Nonnegotiables of Differentiated Instruction: Respectful Tasks
Carol Ann Tomlinson: Effective differentiation will almost inevitably incorporate what we call respectful tasks. All of us want to feel that we’re regarded with respect. Respectful tasks say to students at least three things:
- One is, "We’re all studying the most important ideas—everyone of us should master those: you’re a part of our group."
- The second is, "You can’t master important things without using your brain, so everyone in this class will be thinking and problem solving at a high level."
- And the third is, "I want this task to be so interesting to you that it’s hard for you to disregard it—even if you didn't think you wanted to learn today."
In a differentiated classroom, we’re asking students to trust that we have their best interests at heart. That we’re looking to see where they need to be, and we’re helping them move there. Respectful tasks help bring kids on board so that they’re willing to be part of a class in which people may sometimes do different things because what they’re doing looks just fine to them.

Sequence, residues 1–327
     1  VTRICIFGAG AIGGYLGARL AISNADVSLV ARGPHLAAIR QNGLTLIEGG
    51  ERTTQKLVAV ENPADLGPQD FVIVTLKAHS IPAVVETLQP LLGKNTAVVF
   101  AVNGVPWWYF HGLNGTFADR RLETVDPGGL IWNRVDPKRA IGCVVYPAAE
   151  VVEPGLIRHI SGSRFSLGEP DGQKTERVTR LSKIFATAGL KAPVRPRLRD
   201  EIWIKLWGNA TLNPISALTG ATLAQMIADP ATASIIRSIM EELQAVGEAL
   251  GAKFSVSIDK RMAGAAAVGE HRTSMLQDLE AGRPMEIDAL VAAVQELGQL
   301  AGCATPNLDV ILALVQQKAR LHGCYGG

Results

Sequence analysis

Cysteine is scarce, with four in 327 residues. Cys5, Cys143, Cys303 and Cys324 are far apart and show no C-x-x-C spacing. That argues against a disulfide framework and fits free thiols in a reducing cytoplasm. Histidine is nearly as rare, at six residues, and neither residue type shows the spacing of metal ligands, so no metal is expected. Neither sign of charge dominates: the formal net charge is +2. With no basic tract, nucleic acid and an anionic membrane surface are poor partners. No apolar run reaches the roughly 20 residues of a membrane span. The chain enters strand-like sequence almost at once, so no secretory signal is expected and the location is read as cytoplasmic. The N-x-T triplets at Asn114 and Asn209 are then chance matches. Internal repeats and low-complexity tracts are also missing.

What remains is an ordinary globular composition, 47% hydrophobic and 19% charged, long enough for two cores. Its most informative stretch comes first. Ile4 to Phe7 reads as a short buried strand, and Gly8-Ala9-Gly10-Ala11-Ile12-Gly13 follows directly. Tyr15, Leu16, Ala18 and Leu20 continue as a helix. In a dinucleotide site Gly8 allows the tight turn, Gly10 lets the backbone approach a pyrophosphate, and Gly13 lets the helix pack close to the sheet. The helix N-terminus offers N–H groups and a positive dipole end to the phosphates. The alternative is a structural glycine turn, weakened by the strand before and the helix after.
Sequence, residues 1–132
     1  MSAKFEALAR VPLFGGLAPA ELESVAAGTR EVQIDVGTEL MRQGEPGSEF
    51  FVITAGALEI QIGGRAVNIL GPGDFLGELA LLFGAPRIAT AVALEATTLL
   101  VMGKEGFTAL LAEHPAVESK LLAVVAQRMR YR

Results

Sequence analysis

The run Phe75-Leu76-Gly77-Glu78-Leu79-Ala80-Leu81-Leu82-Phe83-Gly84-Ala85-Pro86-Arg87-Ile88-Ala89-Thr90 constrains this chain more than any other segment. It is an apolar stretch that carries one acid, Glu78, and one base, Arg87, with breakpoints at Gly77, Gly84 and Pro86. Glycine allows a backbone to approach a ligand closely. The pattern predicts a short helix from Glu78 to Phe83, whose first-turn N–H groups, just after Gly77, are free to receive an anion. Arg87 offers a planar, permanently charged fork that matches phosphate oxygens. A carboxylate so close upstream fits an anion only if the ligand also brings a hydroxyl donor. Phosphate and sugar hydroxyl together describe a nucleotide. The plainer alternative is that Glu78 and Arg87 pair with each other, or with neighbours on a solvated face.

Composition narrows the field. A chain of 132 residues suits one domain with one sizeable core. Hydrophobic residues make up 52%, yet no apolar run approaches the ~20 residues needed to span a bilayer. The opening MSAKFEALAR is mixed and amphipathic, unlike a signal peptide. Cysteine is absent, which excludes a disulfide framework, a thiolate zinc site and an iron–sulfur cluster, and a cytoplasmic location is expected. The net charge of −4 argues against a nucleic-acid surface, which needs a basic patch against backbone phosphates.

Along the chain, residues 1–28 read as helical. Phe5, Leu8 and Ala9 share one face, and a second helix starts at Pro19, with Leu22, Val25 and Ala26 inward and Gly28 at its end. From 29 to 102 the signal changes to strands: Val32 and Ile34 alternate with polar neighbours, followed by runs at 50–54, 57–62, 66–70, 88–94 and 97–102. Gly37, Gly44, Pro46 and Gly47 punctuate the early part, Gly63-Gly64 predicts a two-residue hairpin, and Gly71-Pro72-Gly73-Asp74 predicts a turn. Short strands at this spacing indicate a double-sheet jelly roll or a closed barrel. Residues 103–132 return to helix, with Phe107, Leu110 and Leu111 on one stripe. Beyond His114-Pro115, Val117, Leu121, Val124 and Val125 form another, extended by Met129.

Ryann East, Spanish teacher: I like my seating arrangement because it can be easily adapted to different tasks. We move around a lot. I get students at the beginning of the semester prepared for how we’re going to move, because we’re constantly moving around and changing things. We talk a lot in language class, so it’s set up to promote that conversation in the classroom and also to let them see everyone, get to know everyone, and create that community within the classroom as well.
In today’s lesson, we did a tiered activity. [In] the first readiness level, their objective was to know the subject pronouns in Spanish and to start to memorize the –ar verb endings. So in this task, I had the students do an activity that went over the English and subject pronouns, and then they started a little bit with the –ar verbs. They just went over the endings and made sure they knew the endings well.
The second task was readiness level 2. These students were working on the –ar verbs and conjugating –ar verbs. In this activity, their objective was to memorize –ar endings and then conjugate them in the present tense with verbs we had used the previous semester.
I color-code things. It’s easy for me to keep track of where the students are and what students should be in what group. Then I differentiate by readiness, so I color-code those different levels. The task cards I give them are the same color as what I highlighted on my sheet. That way, when I go around the room, it’s easy for me to know what task they’re working on.
Source: From Differentiated Instruction in Action (Program 2: Middle School), 2008, Alexandria, VA: ASCD.